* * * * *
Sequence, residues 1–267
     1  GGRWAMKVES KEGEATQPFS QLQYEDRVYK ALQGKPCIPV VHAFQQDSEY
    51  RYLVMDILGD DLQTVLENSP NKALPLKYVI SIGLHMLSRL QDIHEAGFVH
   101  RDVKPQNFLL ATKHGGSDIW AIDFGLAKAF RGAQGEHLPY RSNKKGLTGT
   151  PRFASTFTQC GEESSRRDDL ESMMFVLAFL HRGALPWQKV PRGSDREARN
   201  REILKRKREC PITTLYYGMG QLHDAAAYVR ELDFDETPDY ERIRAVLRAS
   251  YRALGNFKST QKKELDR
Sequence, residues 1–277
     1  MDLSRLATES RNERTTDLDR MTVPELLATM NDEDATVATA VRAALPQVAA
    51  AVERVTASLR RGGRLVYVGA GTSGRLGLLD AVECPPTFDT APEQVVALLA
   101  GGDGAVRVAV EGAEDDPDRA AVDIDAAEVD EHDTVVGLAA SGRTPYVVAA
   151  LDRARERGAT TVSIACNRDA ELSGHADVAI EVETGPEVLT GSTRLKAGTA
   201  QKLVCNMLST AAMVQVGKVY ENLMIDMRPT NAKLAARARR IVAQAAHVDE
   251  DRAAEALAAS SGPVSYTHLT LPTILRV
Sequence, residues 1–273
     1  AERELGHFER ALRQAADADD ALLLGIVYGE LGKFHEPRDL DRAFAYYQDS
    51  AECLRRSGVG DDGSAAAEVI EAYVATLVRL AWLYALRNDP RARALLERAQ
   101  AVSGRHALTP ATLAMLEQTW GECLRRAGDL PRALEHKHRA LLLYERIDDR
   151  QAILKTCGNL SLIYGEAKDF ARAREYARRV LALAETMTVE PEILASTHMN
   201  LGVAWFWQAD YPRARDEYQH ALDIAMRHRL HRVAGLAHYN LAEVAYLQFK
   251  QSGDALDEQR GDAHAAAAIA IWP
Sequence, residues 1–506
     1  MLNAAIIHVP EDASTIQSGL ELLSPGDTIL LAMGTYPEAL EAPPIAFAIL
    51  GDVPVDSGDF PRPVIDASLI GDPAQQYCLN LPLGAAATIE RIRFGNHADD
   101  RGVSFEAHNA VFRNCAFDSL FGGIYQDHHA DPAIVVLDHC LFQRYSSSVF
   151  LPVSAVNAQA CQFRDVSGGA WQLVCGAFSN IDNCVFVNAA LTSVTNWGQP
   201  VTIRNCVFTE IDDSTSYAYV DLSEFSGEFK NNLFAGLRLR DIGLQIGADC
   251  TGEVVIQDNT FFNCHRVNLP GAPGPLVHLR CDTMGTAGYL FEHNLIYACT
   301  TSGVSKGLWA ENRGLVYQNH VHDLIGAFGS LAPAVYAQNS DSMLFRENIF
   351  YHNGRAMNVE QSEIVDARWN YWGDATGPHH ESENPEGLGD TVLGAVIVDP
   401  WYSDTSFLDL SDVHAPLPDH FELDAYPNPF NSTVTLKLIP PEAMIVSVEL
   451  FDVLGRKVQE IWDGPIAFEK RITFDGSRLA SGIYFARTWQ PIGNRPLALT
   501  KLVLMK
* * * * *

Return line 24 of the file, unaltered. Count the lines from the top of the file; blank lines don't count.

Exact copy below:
    51  GDVPVDSGDF PRPVIDASLI GDPAQQYCLN LPLGAAATIE RIRFGNHADD